Friday, January 02, 2015

Traveling when you have livestock at home

Cliff and I have a road trip planned for this month, just a couple of days and an overnight (unless weather interferes).  This means, of course, that I need to make plans for the cow's udder to be emptied on a regular basis and for all three baby calves' bellies to remain full.  

My first thought was this:  Early in the morning on the day of our departure, I would turn the cow into the little lot, as always, and let the three calves nurse.  Then I would turn the cow and calves out into the larger lot, shut them in there, and they could all nurse at will while we're gone.  It's just a couple of days, so they can live without their grain for that length of time.  

Livestock being the interesting creatures that they are, I figured I should give this a trial run, because it seems cattle will always do something unexpected if given the chance.  This morning after the three calves had taken all of Gracie's milk, I opened the gate to the bigger lot.  Normally the cows have access to this lot all the time but the horses can't get through the opening.  However, I shut the gate leading out to the big pasture because I didn't want the three calves running through barbed wire or electric fence, and I didn't want the other two cows in with Grace and the calves.  The calves have always been in a small area, and when turned into a new and bigger area, they have joyful running-and-bucking fits.  This can sometimes lead to disaster.  

Last time we went on an overnight trip, the grandson simply turned the cow in with the calves twice a day for me, but he was off work then.  This time he'll be working; he gets up by three AM to go to work, and I don't intend to make him get up earlier than that to do chores.  

So here I was with the cow and three calves in the big lot.  There's an in-ground waterer there, so that's taken care of.  The calves, as expected, ran and kicked up their heels until they were exhausted.  The cow complained at being shut up in the lot, but that's OK, she'll get over it.  

It is a good thing I did a test run, because here's what happened:  Her heifer calf, Gypsy, would lie down and chew her cud for an hour or so, then go to Mama and take all the milk she could get.  Every time either of the Holsteins went to get some milk, there was none, because Gypsy had taken it all.  She's a hog.  It may have worked out in the long run, since it's such a short time, but I don't want to have hungry babies on my mind while we're gone.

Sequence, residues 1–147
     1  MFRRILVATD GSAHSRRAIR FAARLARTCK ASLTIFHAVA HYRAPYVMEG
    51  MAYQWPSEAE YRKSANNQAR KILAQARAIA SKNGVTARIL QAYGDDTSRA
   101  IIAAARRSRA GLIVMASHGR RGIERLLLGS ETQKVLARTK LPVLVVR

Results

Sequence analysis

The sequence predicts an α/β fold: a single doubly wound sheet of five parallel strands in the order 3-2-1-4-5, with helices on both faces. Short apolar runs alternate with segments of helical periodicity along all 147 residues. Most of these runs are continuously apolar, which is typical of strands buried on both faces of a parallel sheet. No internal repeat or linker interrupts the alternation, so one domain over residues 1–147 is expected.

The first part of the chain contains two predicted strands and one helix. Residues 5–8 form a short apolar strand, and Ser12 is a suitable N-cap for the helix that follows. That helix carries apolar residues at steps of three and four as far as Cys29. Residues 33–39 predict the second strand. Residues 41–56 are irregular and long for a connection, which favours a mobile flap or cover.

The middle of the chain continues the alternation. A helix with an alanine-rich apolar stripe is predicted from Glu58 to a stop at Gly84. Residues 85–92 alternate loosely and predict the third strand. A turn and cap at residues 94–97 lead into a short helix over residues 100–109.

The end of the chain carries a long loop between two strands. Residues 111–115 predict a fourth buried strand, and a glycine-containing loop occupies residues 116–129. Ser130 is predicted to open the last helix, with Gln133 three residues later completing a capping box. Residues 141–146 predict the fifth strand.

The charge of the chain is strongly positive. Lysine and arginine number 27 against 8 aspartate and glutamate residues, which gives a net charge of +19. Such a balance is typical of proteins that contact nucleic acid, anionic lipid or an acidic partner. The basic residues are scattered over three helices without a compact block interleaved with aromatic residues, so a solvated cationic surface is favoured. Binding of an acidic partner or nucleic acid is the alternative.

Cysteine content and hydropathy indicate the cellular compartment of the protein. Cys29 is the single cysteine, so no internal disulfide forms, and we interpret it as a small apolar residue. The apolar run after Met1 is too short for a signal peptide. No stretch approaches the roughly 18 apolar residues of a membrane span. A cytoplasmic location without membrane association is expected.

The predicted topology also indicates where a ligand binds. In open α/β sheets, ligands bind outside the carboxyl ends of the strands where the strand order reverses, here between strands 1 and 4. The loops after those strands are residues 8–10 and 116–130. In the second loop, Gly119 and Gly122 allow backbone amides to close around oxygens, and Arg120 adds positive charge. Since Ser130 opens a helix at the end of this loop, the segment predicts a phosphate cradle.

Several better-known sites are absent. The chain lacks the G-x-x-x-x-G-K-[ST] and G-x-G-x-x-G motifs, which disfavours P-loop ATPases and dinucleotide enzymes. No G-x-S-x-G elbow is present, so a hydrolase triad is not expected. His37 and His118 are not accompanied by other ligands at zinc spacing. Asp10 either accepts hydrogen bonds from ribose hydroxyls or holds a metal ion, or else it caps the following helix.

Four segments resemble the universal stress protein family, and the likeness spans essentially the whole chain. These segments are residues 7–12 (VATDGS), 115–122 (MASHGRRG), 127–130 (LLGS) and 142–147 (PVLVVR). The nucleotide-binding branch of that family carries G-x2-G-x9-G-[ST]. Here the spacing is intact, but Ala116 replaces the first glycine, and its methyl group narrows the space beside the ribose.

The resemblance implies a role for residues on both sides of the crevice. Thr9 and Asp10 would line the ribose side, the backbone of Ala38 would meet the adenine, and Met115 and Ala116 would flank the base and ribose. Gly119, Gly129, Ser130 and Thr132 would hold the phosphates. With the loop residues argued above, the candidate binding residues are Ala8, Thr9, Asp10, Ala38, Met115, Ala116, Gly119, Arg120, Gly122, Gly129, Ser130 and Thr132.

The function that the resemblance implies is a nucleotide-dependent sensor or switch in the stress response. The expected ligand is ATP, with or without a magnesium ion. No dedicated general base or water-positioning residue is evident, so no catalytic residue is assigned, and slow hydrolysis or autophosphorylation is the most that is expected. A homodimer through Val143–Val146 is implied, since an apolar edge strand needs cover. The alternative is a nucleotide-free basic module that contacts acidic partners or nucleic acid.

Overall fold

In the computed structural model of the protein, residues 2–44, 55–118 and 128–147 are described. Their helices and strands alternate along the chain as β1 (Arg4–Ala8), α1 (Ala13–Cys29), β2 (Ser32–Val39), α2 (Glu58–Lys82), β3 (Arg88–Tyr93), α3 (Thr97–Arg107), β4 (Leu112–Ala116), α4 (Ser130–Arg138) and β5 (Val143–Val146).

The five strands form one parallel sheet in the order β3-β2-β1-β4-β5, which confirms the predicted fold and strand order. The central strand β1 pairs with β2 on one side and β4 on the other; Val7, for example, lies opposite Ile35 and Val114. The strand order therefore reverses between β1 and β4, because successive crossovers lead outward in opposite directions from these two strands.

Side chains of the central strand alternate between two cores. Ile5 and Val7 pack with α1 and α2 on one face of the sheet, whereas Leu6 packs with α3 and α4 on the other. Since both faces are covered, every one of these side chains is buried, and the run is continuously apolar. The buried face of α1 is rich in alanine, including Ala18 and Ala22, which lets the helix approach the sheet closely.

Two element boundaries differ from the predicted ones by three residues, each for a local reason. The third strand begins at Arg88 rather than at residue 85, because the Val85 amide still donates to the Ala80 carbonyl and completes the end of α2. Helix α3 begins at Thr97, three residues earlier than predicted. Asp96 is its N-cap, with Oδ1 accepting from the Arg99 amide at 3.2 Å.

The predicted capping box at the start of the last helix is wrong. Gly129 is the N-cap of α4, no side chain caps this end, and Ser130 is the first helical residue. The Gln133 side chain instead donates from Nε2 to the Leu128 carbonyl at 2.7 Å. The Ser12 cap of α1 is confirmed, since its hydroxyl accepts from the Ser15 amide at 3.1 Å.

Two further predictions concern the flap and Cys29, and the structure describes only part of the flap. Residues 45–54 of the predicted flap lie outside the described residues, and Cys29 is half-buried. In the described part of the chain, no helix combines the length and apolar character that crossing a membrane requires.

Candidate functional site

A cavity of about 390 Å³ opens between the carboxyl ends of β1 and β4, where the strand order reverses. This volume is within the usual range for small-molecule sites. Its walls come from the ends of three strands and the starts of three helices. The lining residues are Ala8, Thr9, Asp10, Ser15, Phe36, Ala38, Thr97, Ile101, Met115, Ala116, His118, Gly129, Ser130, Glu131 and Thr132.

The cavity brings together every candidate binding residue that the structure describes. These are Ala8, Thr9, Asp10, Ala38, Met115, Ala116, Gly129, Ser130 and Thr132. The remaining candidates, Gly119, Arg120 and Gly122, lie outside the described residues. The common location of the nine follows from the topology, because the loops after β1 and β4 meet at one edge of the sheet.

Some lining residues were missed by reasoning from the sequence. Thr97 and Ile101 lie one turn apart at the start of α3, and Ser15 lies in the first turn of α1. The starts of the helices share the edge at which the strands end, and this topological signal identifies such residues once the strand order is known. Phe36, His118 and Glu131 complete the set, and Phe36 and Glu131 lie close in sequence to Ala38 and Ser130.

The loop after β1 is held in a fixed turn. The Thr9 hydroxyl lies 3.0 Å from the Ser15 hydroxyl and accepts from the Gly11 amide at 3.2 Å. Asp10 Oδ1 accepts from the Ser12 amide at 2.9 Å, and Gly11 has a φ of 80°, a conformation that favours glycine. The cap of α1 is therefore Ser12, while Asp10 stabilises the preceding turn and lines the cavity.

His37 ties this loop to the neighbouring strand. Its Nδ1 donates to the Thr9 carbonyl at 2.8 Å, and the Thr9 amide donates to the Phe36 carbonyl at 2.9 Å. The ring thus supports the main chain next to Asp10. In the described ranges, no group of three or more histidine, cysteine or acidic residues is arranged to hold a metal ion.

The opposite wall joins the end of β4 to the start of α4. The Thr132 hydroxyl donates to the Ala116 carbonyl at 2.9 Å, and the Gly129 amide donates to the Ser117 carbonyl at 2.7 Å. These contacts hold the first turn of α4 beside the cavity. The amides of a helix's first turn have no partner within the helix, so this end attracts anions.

So I'll go to plan B:  I will still let all the calves nurse early in the morning on the day we leave.  But then I will let Gypsy and Gracie out into the big lot, locking Moose and Whitey in the smaller lot they always inhabit.  I'll leave the boys plenty of grain, having the grandson give them more if they need it in the evening.  They have a tub of water with a heater in it to keep it from freezing.  Gypsy will get all her mama's milk and hay, but no grain, and her foster brothers will get hay and grain, but no milk.  They are all old enough to be weaned at this point, as much grain as they're eating, but the cow has all that milk, and they may as well have it.

I could actually wean the Holsteins and turn Gypsy out with her mom permanently.  She is quite capable of handling all the milk without getting sick at this point.  However, I learned from Bonnie, may she rest in peace, that a dairy cow's udder can be ruined by an aggressively-sucking calf.  So I'll continue as I've been doing. 

Which reminds me, we were at the MFA elevator buying feed today and I inquired about the price of milk replacer.  It's $45 a bag, and it takes, at the very least, two bags to get a calf to the point of weaning... and that is sooner than I like to wean them.  So Gracie has really saved us some money letting the Holsteins nurse along with her daughter.  Now that I think about it, though, if it weren't for Gracie I wouldn't be raising the calves.  By the time you pay $325 for the babies and then buy $90 worth of milk replacer for each one, then feed them a fifty pounds of grain every couple of weeks until they're five months old, you have a lot invested in them.



I didn't realize what an investment it is. I hope your new plan works so you do not have to worry when you are gone.

Margaret said...

I took care of my mother-in-law's cows sometimes, but it just involved feeding. :) They were beef cows. I am worried about leaving Mari cat while I'm in Korea for over a week. My parents will come check on her/feed her, but she has become so dependent on me.